[8th ILO SSE Academy]: Legal Framework for SSE and Socially Responsible Public Procurement - Case of Korea

Category: 
East Asia
Local Government
SSE Organisation
Class: 
Cooperatives
Social enterprise
Governance

Presented at: 8th ILO SSE Academy

Organisation: Seoul Social Economy Network

Date: June 28, 2017

Presenter: Mr. Youngsik Kim, Director of Seoul Social Economy Network

Contacts: youngkim@ssen.or.kr

Summary

The following presentation overlooks Korea's SSE history and addresses the various SSE legal framework status, public support, and socially responsible public procurement examplars in Korea. The presentation analyzes 8 special laws reserved for Korea's traditional cooperatives. The presentation also focuses particularly on Korea's SSE laws in the 2000s and after, and closely analyzes te effect that these acts have had in SSE in Korea, such as the growth of SSE oganisations, and strong governmental support, at both the national and local levels. 

Presentation details:

Young Kim explained the development of social economy and the process of legal framework shifts in Korea. He explained in details about the efforts and characteristics of the Seoul Metropolitan Government on social economy and public procurement initiatives in a historical context.

The social and solidarity economy tends to be defined by a set of different types of ‘social economy organizations’ in Korea. These organizations include social enterprises, cooperative, and community businesses. Korea’s social and solidarity economy history can be traced back from the military government era of the 1960s, and there have been three important periods in history related to the SSE legal framework. The first was the 1996 “self-sufficiency policy program”, which laid the foundations for SSE history. The second was in 2007, “Social Enterprise Promotion Act”, and the last was in 2012, “framework Act on Cooperatives” (The historical background of these changes is a social movement for democracy. In the early 2000s, the government institutionalized many of the civil movements.)

In Korea, most of the laws relating to the social and solidarity economy were enacted in the 1960s and 1970s. At this time, 'special law' was established for 8 types of traditional cooperatives, and the law appeared in the 'self-help policy program'. This law permitted the creation of companies for self-sufficiency, which later developed into social enterprises. However, this type of program was considered social welfare initiatives rather than social solidarity economic policies.

Significant changes have been made after the enactment of the 'Social Enterprise Promotion Act' in 2007. This law was the first institutionalization of social enterprises and promoted many policy initiatives for the social and solidarity economy. Since the implementation of the ‘“Framework Act on Cooperatives’ in 2012, the adoption of the social enterprise policy has accelerated and the first ‘social cooperatives’ was defined in Korea. In addition, the requirements to be recognized as cooperatives establishment was lowered.

The characteristics of the development of social and solidarity economy in Korea are summarized as follows. Strong government (central and local) plays leading roles to faster social economy in Korea, however, this development has been unevenly done in each local municipality. By the end of 2016, there were 1,685 Social Enterprise and 10,602 Cooperatives.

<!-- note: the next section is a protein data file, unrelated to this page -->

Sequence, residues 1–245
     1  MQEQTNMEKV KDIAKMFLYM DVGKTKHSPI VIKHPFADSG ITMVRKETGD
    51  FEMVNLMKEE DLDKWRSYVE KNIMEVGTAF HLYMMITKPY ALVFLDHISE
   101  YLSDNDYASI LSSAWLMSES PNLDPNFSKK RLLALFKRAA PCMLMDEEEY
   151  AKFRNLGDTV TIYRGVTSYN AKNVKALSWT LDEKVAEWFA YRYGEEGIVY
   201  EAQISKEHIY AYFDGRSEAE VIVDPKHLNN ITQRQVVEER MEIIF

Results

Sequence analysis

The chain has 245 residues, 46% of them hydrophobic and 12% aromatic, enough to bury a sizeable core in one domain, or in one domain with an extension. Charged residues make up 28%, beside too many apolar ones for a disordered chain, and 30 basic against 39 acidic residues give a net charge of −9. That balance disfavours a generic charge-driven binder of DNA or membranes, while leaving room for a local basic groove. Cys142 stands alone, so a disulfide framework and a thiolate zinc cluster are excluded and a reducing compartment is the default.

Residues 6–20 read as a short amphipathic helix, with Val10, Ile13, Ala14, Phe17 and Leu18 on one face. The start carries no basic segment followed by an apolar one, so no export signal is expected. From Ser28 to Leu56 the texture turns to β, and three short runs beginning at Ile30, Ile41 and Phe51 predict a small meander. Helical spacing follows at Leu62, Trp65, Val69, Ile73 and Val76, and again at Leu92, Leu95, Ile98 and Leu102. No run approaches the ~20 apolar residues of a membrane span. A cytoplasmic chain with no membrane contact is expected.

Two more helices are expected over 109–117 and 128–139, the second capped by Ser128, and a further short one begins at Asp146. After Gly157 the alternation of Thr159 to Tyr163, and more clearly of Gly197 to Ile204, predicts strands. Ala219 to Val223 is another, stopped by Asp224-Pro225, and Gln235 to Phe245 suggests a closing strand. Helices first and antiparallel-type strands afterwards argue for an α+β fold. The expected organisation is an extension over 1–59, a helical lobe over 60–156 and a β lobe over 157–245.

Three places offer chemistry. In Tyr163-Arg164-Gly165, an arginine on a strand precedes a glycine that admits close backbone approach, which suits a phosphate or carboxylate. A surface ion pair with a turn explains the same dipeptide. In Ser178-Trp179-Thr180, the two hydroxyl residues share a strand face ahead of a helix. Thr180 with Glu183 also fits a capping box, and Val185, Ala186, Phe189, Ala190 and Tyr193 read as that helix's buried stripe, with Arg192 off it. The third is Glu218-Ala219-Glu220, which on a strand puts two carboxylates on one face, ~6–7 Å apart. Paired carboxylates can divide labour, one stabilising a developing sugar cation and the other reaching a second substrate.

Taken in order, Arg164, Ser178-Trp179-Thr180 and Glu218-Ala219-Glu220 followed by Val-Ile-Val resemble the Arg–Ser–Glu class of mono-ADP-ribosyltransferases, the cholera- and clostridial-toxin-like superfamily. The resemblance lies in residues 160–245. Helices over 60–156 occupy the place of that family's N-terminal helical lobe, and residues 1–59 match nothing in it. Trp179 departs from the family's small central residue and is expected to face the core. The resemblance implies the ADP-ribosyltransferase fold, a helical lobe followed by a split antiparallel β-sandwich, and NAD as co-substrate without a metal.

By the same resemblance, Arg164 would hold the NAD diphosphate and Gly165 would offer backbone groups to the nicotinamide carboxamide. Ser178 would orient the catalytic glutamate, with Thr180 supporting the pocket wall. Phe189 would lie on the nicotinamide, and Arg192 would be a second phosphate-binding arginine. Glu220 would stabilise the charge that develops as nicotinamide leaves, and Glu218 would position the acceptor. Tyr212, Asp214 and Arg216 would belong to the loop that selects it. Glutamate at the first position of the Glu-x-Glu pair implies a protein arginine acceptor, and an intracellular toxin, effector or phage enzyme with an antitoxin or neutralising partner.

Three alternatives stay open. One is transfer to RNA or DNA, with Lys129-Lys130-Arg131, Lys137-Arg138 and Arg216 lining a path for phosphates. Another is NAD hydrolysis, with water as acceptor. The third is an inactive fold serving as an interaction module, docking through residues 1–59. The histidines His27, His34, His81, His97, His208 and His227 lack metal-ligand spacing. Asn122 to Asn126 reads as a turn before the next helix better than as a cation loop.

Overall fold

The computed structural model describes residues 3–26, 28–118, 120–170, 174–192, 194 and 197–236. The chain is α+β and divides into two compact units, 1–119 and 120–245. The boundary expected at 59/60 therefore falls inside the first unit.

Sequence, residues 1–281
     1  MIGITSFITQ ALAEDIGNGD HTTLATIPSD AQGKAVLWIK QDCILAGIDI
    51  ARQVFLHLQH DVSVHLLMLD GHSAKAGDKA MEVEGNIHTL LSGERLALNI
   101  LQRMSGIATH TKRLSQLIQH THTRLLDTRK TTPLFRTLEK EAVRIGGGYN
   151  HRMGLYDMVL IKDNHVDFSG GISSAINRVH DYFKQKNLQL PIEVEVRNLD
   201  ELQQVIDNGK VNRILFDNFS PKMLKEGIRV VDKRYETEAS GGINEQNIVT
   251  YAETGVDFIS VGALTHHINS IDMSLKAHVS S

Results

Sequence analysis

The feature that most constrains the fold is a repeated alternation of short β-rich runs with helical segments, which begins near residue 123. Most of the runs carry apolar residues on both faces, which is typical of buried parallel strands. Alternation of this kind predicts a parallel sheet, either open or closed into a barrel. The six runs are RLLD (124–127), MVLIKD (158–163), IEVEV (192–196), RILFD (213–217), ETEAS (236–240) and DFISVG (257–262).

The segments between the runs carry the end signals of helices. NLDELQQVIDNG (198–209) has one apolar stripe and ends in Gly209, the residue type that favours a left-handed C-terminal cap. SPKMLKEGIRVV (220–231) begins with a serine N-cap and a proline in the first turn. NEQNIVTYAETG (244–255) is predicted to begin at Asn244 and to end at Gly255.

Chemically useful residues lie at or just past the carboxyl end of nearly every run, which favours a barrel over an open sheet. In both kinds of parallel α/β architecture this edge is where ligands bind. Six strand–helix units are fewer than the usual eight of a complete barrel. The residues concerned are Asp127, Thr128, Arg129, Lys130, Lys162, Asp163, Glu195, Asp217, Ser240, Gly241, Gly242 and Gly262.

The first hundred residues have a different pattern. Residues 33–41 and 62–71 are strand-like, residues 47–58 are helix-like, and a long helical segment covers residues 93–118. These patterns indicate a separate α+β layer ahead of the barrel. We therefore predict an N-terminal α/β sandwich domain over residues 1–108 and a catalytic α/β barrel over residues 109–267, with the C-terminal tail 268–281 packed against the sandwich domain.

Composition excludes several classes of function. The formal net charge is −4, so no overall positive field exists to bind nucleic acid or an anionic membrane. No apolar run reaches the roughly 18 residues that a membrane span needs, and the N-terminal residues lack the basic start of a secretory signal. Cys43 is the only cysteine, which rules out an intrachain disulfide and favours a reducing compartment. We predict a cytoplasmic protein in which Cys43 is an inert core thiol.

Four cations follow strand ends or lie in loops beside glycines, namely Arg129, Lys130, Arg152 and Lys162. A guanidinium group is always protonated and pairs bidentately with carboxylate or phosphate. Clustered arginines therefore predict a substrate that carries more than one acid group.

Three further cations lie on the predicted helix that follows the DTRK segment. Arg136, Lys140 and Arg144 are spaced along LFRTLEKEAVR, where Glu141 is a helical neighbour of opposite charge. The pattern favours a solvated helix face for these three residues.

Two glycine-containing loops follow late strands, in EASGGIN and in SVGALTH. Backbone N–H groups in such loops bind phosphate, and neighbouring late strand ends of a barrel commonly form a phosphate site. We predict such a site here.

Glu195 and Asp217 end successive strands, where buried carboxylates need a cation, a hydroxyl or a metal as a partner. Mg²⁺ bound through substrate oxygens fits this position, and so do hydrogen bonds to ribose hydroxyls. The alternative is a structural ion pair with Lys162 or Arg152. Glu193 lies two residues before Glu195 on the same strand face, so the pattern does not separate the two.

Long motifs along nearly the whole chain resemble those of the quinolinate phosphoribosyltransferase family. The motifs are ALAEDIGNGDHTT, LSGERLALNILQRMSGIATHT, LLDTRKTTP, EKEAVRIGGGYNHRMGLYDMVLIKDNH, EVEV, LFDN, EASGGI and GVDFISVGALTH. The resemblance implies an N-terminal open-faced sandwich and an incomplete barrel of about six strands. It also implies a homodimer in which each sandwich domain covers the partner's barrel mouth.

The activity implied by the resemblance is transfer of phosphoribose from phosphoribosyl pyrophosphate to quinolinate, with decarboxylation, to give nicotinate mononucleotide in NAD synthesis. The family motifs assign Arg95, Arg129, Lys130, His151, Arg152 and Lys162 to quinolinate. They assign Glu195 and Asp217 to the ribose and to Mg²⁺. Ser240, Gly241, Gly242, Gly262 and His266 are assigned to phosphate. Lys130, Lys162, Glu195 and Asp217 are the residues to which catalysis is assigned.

In accordance with the central government, the Seoul Metropolitan Government has made efforts to create more social enterprises and create more social and solidarity economy friendly environments. In this context, after the enactment of the Act on the Promotion of Social Enterprise in 2007, the Seoul Metropolitan Government enacted the ‘Seoul Ordinance on the Promotion of Social Enterprises’ in 2009. Also, they had changed the support system from ‘direct support’ (such as wage support) to ‘indirect support’ (ecosystem creation). Therefore, the main principles of the central government and the social economy of Seoul are 1) civil/private sector leads, 2) then government follows 3) co-construction of policy.

Since the Town Hall Meeting for Seoul SE Development in 2011, Seoul has been continually discussing with stakeholders such as major NGOs and social economy associations. As a result, the “Seoul Social Economy Network” and the “Seoul Social Economy Policy Planning Group’ were established in 2012. Also the “Seoul Social Economy Center” was established in the following year to take a leading role in implementing and establishing the policy program.

‘Seoul Social Economy Policy Council’ and the SMG (Seoul Metropolitan Government) are the main actors for the social economy in Seoul. The ‘Seoul Social Economy Policy Council’ includes major units and organizations in the social economy sector and has been planning and monitoring social economy policies through ongoing meetings. 

The “Social Responsibility Procurement Purchase (SRPP)” of the city of Seoul is 5.3 billion USD per annum, which accounts 27.3% of the total budget. SMG, together with the initiatives related to SRPP, will create a more accessible public markets for the social economy and promote value-driven public purchasing. For this, SMG and ‘Seoul Social Economy Policy Council’ have played a leading role and established "Seoul Socially Responsible Procurement Network" to foster SRPP.

Lastly, since 2013, there are three laws are in the legislative process in the National Assembly of Korea (Framework Act on Social Economy, Framework Act on Realization of Social Value in Public Organizations, Special Act on Promoting Purchasing and Market support for Social Economy Enterprises). Once these laws are in place, a better ecosystem for social solidarity will be established.

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